Since the body size of cows has increased during the last 20 years, where cubicles are used, they should be wide enough to minimise any movement difficulties or teat trampling. Cubicles and tie-stalls should be designed in such a way that the forward movement of the body of the cow is not thwarted when changing position from lying to standing. The risk assessment exercise confirmed that poor cubicle design and lack of space are the highest ranked hazards, respectively in cubicle houses and tie stalls, in the development of the most common problems in dairy cows. A total space allowance of less than 8.6 m² in cubicle houses negatively affects welfare. Cubicle width should be at least 1.8 times cow hip width. In cubicle houses there should be at least as many cubicles as there are cows in the house. A lying area of at least 2.7 m² / heifer (up to 400 kg) is necessary to avoid negative impact on welfare and production. In loose-housed cows, the area around each feeding place is a location where much aggression can occur. Therefore, the feeding area should be designed in such a way and with sufficient space that all cows can feed with minimal aggression or other interference.
Since leg disorders are the major welfare problem for dairy cattle and leg disorders are a problem also in well managed cubicle houses, alternatives to cubicles e.g. straw yards and improvements to cubicle house design should be considered. When possible, dairy cows and heifers should be given access to well managed pasture or other suitable outdoor conditions, at least during summer time or dry weather. Tie-stalls restrict the voluntary movement and social behaviour of dairy cows. When periods of exercise are possible some of the adverse effects are reduced. Therefore, systems of husbandry and management should involve a minimum time of restricted movement in order that all dairy cows are able to meet their need to show certain behaviours such as grooming, social interaction and exercise. While tie-stall use continues, cows should have daily exercise that involves walking freely inside or outside (except where there are adverse climatic conditions) and also the freedom to carry out other behaviours. A minority opinion on the use of tie-stalls was expressed by some Panel members.
All dairy cattle should be fed a diet that provides sufficient energy, nutrients and dietary fibre to meet the metabolic requirements in a way that is consistent with digestion. When diet is changed there should be carefully controlled transition feeding in order to prevent poor welfare in the cattle. Feeding systems should allow every individual cow to meet her needs for quantity and quality of feed. Dairy cows should be provided with drinking water whatever their diet. This water should be in sufficient quantity to prevent any dehydration and should be: free from repellent odour and taste, harmful infectious agents, toxic substances and contaminants that can accumulate in body tissue or be excreted in milk. Both indoors as well as outdoors, continuous access to water should be provided. Automatically regulated troughs and drinker bowls should be installed in the animal houses and farmyards.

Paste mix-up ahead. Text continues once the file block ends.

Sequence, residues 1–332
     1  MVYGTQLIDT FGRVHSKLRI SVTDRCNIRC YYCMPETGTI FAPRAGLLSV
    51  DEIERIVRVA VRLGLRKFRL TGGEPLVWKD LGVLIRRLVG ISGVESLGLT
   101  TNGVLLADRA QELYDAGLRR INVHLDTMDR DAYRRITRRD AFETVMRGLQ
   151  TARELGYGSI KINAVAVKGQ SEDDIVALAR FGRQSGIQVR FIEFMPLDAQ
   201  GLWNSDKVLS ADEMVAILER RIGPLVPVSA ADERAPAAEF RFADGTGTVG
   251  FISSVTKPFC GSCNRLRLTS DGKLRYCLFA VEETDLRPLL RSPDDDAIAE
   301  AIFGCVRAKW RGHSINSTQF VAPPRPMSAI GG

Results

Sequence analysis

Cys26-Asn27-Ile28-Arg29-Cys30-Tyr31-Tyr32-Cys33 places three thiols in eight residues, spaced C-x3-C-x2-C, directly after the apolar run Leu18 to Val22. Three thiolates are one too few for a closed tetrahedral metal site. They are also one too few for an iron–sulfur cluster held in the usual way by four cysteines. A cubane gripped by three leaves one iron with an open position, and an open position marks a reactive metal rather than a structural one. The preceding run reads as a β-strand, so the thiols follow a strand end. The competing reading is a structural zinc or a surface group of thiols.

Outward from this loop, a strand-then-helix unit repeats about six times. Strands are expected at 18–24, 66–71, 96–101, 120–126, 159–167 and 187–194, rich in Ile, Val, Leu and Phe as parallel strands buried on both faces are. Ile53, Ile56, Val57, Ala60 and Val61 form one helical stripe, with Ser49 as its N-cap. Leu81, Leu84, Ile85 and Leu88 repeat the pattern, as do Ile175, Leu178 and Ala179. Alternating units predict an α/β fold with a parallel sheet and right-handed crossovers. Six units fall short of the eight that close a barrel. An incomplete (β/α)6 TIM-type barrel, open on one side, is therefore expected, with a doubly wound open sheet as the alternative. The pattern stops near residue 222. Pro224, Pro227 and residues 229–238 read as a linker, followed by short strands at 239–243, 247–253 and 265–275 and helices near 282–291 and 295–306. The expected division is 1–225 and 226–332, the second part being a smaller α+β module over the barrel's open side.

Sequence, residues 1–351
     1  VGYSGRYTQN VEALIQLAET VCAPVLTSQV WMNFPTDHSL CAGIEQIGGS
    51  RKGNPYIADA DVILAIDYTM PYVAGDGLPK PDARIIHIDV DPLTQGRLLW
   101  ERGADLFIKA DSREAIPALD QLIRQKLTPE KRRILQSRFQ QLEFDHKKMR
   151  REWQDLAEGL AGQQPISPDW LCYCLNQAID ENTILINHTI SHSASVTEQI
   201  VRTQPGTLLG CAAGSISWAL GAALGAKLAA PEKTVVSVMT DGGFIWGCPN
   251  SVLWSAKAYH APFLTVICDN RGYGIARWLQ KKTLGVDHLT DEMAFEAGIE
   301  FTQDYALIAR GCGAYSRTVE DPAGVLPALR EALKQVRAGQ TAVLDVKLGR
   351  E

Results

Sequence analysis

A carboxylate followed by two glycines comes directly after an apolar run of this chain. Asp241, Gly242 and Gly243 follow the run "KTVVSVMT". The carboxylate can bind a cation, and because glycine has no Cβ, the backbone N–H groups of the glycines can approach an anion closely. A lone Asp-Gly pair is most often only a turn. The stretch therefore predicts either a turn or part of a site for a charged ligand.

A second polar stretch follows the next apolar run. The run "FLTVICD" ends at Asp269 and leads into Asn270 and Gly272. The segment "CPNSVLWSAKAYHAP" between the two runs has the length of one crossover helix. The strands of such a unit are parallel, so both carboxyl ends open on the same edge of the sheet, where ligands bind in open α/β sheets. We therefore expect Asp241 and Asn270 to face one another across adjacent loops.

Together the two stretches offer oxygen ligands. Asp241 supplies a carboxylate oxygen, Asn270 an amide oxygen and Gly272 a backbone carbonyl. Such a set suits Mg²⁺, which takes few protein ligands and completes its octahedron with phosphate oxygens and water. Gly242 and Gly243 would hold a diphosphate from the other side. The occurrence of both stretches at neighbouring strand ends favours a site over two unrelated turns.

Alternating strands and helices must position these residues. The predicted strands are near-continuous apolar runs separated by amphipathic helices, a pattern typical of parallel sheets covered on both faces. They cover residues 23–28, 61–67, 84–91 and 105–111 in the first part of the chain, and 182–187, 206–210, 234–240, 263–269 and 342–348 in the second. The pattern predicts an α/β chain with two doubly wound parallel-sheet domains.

There should be systems for monitoring the prevalence of lameness by scoring locomotion and foot lesions every 3 to 6 months in all dairy herds. Because of the high risk of lameness in dairy cattle all dairy farmers should implement a lameness prevention programme. On farms with a high prevalence of recognisable locomotor difficulties, e.g. approaching 10%, there should be improvement of housing conditions, genetic strain and management practices.
In addition to improved methods for genetic selection, the prevalence of mastitis should be reduced also through: treatment of clinical and subclinical disease, dry cow therapy, identification and elimination of carrier cows, prevention of transmission of infection from cow to cow or through the environment, and improvement of the immune system by minimising stress factors and by a controlled and nutritionally-balanced feed intake.
Pain management should be part of the treatment of severe lameness and clinical mastitis.
Farmers should be well trained in recognizing signs of disease at early stages and veterinary advice should be sought at an early stage of disease in dairy cattle. Recommendations in this opinion for disease prevention and management should be followed.
The body of research on dairy cattle welfare should be incorporated into codes of practice and monitoring protocols that address potential hazards and incorporate animal-based measures of welfare outcomes.